Case Study:
Lunch Money Buddy

The Challenge


Create a mobile app called “Lunch Money Buddy” that allows parents and guardians of school age children to manage various aspects of their kids’ in-school cafeteria lunch accounts.

I was provided with user personas and application specifications which allowed me to focus solely on taking the gathered data and transforming it into a working prototype.

User Goals


The design needed to address the following user goals:

  • Quick access to lunch calendar and menu
  • Convenient access to filling or refilling lunch account
  • Access account through mobile while on the go
  • A way to help track kid’s favorite school meals
  • Alerts to warn of low balance, or a way to set up auto-replenish
  • Easy, clear, and straightforward navigation
  • Easy to learn
  • Ability to check or add funds in one simple step, without additional sites or apps
  • Simple to set up and use

Specifications


The parent/guardian can download the app from the Android or Apple stores and sign up for an account using whatever email and password they choose, as well as a school-supplied access code. When the parent signs up, they should see their school-attending child or children in the app.

  • Add one or more payment methods
  • Add funds
  • Select a primary payment method
  • Change a payment method
  • Delete a payment method
  • Select whether they’d like balance auto-replenish or not.
  • Turn auto-replenish on/off

The parent can view their account balance and the upcoming menu of school lunches for any school at which they have children attending. If they participate in a school lunch subsidy program, the parent can view the status of their school lunch subsidy program account. The parent can also “favorite” an upcoming lunch for their child or children and receive an alert the night before the meal will be served at school. The parent can close their account, which will delete all payment types and auto-replenishment orders.

User Journey Maps


I created user journeys for the personas provided in order to keep my focus on user goals throughout the design process. It also helped to define the functionality needed and inform the flow of content.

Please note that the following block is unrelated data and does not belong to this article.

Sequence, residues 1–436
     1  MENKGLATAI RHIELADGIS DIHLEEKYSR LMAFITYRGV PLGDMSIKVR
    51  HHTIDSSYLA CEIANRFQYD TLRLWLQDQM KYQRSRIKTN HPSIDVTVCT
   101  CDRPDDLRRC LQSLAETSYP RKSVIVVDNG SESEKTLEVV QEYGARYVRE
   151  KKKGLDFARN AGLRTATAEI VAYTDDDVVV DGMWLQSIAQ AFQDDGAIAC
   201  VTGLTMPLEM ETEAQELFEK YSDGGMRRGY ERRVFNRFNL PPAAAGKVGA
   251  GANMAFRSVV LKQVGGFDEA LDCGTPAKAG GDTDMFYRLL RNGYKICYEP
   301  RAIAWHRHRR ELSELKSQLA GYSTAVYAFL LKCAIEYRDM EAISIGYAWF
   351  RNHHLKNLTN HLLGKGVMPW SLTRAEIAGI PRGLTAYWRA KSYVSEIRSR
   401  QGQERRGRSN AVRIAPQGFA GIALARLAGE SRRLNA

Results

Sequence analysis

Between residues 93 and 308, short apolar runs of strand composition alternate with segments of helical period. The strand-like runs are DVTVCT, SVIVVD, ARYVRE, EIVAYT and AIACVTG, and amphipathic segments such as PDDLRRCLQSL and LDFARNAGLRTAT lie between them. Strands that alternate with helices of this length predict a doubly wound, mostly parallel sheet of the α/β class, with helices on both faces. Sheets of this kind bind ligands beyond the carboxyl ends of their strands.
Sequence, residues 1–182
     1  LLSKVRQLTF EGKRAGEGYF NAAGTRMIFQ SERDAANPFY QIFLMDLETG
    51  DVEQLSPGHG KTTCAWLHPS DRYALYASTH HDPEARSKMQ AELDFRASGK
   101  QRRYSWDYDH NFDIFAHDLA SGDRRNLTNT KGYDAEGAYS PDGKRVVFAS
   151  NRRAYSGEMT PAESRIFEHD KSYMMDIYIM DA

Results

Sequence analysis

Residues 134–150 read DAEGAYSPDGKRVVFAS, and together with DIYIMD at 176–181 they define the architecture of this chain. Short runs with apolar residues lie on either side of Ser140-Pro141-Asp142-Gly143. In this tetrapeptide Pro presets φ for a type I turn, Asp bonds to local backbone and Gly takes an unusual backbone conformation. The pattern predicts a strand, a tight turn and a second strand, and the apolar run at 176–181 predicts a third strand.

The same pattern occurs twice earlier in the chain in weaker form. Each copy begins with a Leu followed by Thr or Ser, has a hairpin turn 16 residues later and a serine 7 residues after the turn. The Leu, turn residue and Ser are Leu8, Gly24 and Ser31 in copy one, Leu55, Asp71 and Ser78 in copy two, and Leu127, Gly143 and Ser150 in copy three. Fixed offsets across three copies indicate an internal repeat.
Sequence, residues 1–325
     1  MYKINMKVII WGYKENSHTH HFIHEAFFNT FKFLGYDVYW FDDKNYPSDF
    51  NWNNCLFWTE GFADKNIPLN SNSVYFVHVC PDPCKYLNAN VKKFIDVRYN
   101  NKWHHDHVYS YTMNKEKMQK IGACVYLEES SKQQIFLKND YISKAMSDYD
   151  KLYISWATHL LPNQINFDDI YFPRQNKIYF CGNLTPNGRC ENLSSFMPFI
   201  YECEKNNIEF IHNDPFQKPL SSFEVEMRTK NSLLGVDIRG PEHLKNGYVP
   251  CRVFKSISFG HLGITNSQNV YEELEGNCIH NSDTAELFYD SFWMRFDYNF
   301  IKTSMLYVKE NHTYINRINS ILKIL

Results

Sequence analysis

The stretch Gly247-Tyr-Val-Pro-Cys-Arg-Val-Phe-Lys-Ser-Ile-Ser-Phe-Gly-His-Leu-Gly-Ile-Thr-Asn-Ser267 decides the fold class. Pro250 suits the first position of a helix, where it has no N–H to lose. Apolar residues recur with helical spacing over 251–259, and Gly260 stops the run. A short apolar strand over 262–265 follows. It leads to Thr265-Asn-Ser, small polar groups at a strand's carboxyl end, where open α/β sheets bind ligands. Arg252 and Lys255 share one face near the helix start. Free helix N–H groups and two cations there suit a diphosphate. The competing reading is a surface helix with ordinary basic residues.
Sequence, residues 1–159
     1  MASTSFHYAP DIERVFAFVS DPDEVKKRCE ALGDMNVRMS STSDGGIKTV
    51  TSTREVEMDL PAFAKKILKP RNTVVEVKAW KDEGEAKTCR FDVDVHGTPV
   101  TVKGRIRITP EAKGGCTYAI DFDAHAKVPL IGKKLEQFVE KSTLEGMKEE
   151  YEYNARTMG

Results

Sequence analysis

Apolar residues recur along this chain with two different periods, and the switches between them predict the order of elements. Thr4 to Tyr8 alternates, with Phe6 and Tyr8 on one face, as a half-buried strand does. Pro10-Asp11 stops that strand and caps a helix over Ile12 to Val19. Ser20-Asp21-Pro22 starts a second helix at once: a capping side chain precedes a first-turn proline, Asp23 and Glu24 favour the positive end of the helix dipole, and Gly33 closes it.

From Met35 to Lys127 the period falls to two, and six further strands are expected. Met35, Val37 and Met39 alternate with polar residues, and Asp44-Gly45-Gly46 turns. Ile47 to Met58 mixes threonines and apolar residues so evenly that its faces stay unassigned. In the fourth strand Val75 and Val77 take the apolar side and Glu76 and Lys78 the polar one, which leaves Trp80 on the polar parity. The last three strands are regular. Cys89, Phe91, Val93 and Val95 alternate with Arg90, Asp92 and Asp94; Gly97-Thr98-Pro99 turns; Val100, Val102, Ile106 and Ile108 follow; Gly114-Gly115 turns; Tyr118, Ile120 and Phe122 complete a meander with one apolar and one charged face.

This example user journey helped to define the goals and emotions that users might have when first downloading the app. Using this journey I determined that during user sign up the user can skip sections in order to get right to the calendar.

Sitemap


The journey maps helped to create a sitemap of the app’s screens, further defining flow and navigation. While some screens changed and were added, the sitemap helped to start the wireframing process.

Sketches


After I had a general sense of the screens that needed to be created, I began sketching wireframes to flesh out ideas for content, navigation, and interaction.

Wireframes


The sitemap and sketches were turned into basic wireframes, illustrating the structure of content and navigation. Basic interaction was applied to link screens together to create a low-fi interaction wireframe.

Hi-Fi Prototype (Results)


Finally, I added advanced interaction and visual design to create a hi-fi (high fidelity) prototype that addressed the user goals.

During the design process I received feedback from peers that helped the direction of interactions and allowed me to rethink certain areas. For example, originally I was set on including a calendar view for the meal schedule but based on feedback and testing I decided it would be better to simply allow the user to scroll through weeks.

While a calendar was mentioned during the research phase, it didn’t mean it had to be designed like most calendars. I’m happy with the end result based on positive feedback from my class.

Another UX element that I included was the ability to “like” a meal instead of using the terms “favorite” or using a star icon. While this app isn’t by any means Facebook, I still considered it to be a social app being that parents/guardians and students both work together within the space.